Gloria Jean’s new direction

Gloria Jean's

Gloria Jean’s offers franchisees the opportunity to grow their own businesses while providing support and access to information on the latest industry trends.

Many Australians play with the idea of being their own boss, though few take the plunge and start their own business. For sisters Gail Gipp and Leeanne Thompson, the opportunity presented itself when their local Gloria Jean’s café in Gympie, Queensland went up for sale in 2015.

“My husband and I were looking to move to the area as the part of our sea change. I’d just left my previous job, so the timing was perfect,” Gail says. “Our parents had always run hospitality businesses that we both worked in while growing up, so we had some experience.”

Leeanne says she and her sister had always wanted to go into business together, and that dream became a reality after keeping an eye on the location for close to seven years. 

“We thought we could run it much better than it had been in the past, and always drank Gloria Jean’s coffees, so we were big fans of the brand,” Leeanne says.

Gloria Jean’s first arrived in Australia from the United States in 1996, where it was quickly adopted by the community. Within six years, Gloria Jean’s had opened 185 stores in the country, owned and operated by more than 100 franchisees. The chain now consists of more than 300 coffee houses and a headquarters based in Australia.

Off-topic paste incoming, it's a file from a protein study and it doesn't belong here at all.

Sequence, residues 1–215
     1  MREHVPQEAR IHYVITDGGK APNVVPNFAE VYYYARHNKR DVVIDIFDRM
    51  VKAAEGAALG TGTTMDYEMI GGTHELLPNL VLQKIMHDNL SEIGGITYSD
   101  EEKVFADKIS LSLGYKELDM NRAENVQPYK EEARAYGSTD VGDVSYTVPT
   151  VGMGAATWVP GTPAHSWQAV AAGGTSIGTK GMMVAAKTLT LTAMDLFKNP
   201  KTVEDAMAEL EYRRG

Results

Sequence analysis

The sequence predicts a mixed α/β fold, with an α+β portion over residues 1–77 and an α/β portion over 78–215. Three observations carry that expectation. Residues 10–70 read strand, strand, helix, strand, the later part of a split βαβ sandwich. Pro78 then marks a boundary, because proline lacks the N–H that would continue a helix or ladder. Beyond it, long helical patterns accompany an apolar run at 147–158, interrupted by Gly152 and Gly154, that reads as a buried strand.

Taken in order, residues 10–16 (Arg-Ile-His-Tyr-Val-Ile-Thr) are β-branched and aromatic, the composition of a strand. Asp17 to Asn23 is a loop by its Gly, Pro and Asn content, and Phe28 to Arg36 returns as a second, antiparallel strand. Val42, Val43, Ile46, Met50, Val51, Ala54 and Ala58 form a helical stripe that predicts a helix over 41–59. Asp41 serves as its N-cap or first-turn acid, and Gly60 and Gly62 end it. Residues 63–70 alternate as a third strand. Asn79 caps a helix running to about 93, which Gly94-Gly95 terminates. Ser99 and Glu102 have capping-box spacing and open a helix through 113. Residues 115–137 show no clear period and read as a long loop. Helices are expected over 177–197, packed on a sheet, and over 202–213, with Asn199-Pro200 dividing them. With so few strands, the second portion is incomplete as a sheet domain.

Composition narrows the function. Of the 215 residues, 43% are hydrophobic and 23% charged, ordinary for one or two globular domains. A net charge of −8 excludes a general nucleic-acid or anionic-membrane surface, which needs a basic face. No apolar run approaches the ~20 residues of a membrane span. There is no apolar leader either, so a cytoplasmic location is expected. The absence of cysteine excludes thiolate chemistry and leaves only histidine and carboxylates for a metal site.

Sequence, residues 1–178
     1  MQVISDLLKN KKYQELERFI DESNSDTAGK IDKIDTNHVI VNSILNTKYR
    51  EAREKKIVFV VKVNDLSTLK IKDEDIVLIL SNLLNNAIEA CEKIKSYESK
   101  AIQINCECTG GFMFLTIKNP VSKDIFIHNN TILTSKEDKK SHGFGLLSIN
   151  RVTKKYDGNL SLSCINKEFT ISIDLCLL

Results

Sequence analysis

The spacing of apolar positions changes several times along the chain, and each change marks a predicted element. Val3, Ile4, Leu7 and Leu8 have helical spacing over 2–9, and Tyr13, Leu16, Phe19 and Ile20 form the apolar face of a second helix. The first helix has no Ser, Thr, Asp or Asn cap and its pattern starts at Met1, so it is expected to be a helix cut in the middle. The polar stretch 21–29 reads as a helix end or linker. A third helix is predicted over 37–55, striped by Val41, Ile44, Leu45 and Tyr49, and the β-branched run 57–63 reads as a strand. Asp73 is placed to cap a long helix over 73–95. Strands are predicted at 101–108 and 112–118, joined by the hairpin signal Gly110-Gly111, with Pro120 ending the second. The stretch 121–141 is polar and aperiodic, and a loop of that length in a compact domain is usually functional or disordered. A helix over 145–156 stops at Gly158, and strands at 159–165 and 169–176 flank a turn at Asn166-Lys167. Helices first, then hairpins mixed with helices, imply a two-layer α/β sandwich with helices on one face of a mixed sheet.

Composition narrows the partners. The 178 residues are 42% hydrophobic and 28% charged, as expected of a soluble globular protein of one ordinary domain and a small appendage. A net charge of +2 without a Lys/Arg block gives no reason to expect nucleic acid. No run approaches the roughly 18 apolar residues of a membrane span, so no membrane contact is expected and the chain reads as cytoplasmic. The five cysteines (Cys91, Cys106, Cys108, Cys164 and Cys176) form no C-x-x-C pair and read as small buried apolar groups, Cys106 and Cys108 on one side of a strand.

Gloria Jean's
Gloria Jean’s launched its Toastinis toasted panini range in August 2019.

The store has also proved to be successful for the sisters, who now operate another two in Queensland, and are adding a fourth in Townsville to their portfolio.

“Our enthusiasm for what we do shines through. We have a passion for our business, love our customers and staff, and act like a family. I think that translates to our customers,” Leeanne says.

“Another good thing about being in a franchise is that it’s a recognised brand. You don’t have to go out and sell your product. The community knows who you are and what you offer.”

Gail adds that building a solid and reliable team has meant she and her sister can leave the store and be sure it runs smoothly.

“We have a great team of staff, some of whom who have been with us since the beginning,” she says.

“We’ve probably only been able to take on so much because we have such a good team established at our Gympie store. That’s allowed us to be absent for quite long periods at some points. There’s also a lot of support coming from Gloria Jean’s.”

The Gloria Jean’s franchise model means its stores are independently owned and operated, though franchisees still receive training and support from its main office. Leeanne says signing with a franchise means she and her sister are not left behind in a shifting industry.

“We’re kept up to date with new trends and innovations, such as new roasts and menu revamps. They’re essentially delivered to us, so we don’t have to go out and source them or risk something we don’t know will work,” Leeanne says. 

“We have an Operations Manager that keeps in touch with us regularly and if we ever have any problems, we know we can contact them and they will sort it out.”